- Outgoings such as rates, body corporate fees, etc... that apply;
- Building restrictions and copies of permits issued for work carried out in the last seven years.
Both the vendor and purchaser must sign the Section 32 before the contract is signed. If the property is being sold at auction, a copy of the Vendor`s Statement and the Contract of Sale will be available before the auction.
Making an Offer
Missing out on a property that you have your heart set on can be a very disappointing experience. Quite often this happens because the offer process is misunderstood. When making an offer to purchase a property, it is important to be aware of the following:
- The agent will submit all offers to the vendor.
- The property remains on the market while the vendor considers all offers. Just because your offer is the first one submitted, does not necessarily mean that it will be accepted.
- Your offer may be made subject to a finance clause i.e. band approval, sale of an existing property or another condition such as a builders inspection.
- You can make your offer conditional on certain terms (such as a dishwasher) being included or excluded from the contract. Any special conditions such as these must be written into the contract.
|An offer is not legally binding on both parties until the buyer and the seller have signed a Contract of Sale or Contract Note. A Contract Note must contain details of the property, the price, deposit and settlement terms. Once the offer is made in writing, it is then up to the vendor whether or not to accept it or whether to give other parties the opportunity to increase their original offers.|
|The agent is not obliged to give you another opportunity to increase your offer. The vendor is under no obligation until they accept the buyers offer by countersigning the contract.|
|It may be worthwhile making an offer for a property before it goes to auction as this gives you an opportunity to negotiate through the agent and perhaps to stipulate any particular conditions you require in the sale. If your offer is accepted, a cooling-off period may apply.|
You are entitled to a cooling-off period of three business days. This means that you are legally able to withdraw from the Contract if you change your mind during this time. However, it is important to remember the cooling-off period does not apply in the following circumstance:
- If the property was bought at an auction or within three business days before or after a scheduled auction;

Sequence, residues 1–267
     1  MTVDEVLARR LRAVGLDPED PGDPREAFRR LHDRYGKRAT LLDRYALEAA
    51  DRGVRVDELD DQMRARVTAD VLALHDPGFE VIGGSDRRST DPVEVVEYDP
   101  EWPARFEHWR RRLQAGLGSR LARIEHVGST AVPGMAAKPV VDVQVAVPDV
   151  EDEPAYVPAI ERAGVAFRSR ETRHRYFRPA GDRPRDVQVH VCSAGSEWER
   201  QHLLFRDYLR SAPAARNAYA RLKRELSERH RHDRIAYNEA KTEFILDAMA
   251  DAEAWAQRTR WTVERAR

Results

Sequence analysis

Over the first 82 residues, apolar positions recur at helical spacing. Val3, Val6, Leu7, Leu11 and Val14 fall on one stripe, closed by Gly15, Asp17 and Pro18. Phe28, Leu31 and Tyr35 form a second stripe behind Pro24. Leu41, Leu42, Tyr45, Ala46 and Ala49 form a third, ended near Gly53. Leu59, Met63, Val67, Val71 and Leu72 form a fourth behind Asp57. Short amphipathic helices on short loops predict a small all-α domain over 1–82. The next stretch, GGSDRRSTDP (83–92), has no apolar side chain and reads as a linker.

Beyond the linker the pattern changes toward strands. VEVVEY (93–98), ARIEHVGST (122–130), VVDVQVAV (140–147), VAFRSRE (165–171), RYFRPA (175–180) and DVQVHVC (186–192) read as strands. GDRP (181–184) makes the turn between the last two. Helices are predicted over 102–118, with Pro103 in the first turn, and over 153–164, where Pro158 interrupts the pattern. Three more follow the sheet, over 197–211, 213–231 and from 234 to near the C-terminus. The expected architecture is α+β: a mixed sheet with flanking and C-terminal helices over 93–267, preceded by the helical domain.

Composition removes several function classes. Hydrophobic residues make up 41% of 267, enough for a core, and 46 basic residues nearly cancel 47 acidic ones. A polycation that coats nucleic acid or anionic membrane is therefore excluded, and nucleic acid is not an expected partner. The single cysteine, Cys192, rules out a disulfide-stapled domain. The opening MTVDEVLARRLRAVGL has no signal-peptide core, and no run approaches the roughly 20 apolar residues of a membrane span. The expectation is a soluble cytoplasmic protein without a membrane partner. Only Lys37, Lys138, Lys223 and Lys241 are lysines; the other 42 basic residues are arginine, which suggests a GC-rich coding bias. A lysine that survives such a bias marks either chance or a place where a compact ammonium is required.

- If the purchaser is an estate agent or corporate body;
- If the purchaser has obtained independent legal advice before signing the contract;
- If the vendor and purchaser have previously entered into a Contract of Sale for the same property on substantially the same terms;
- If the property is used mainly for industrial, commercial or farming purposes and in the case of a farm is not more than 20 hectares in area.
Cancelling the contract within the cooling-off period
The contract is cancelled by providing written notice to the vendor or the vendor`s agent within the cooling-off period.
The purchaser is entitled to a full refund of all money paid, except for $100 or 0.2 percent of the purchase price - whichever is greater. For example, a vendor may keep a $300 deposit on a property priced at $150,000.
Costs Associated with buying a property
There are a number of costs, aside from the purchase price, for which a buyer is liable. A checklist may include the following:
- Legal/conveyancing fees
- Stamp duty on the transfer of property
- Stamp duty on the mortgage
- Loan application fees
- Adjustments such as council rates and water fees
Value of Property
Stamp Duty Payable
|$0 - $25,000||1.4% of the Value|
|$25,001 - $130,000||$350 plus 2.4% of the value over $25,000|
|$130,001 - $440,000||$2,870 plus 5% of the value over $130,000|
|$440,001 - $550,000||$18,370 plus 6% of the value over $440,000|
|$550,001 - $960,000||$28,070 plus 6% of the value over $550,000|
|$ 960,001 & Over||5.5% of the value|
Price of Property
Stamp Duty Payable
For more information on Stamp Duty, please visit our Stamp Duty Calculator